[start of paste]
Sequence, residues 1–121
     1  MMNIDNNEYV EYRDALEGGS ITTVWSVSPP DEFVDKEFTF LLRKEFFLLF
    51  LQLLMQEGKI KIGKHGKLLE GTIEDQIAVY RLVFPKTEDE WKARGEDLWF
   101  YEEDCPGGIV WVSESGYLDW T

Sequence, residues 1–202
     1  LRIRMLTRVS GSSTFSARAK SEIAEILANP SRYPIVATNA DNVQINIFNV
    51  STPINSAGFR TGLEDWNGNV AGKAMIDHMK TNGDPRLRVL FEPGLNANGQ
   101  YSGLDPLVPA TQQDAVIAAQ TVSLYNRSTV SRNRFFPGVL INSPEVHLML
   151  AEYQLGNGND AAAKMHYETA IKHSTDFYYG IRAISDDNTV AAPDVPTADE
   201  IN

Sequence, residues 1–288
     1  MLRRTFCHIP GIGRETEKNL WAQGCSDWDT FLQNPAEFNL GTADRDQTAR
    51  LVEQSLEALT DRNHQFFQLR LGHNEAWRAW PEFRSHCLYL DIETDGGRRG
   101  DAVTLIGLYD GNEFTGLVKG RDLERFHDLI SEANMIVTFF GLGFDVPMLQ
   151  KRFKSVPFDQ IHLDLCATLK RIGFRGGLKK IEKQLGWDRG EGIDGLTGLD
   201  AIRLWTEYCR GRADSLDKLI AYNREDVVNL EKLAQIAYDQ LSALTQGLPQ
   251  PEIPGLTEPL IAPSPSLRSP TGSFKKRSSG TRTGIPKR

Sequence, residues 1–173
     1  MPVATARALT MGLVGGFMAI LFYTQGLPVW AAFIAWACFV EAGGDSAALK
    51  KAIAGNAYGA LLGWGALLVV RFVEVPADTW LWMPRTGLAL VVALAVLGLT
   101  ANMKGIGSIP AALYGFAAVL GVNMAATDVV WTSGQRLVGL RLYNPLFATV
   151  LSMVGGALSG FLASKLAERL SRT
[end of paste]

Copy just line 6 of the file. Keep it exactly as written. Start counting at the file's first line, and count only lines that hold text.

     1  LRIRMLTRVS GSSTFSARAK SEIAEILANP SRYPIVATNA DNVQINIFNV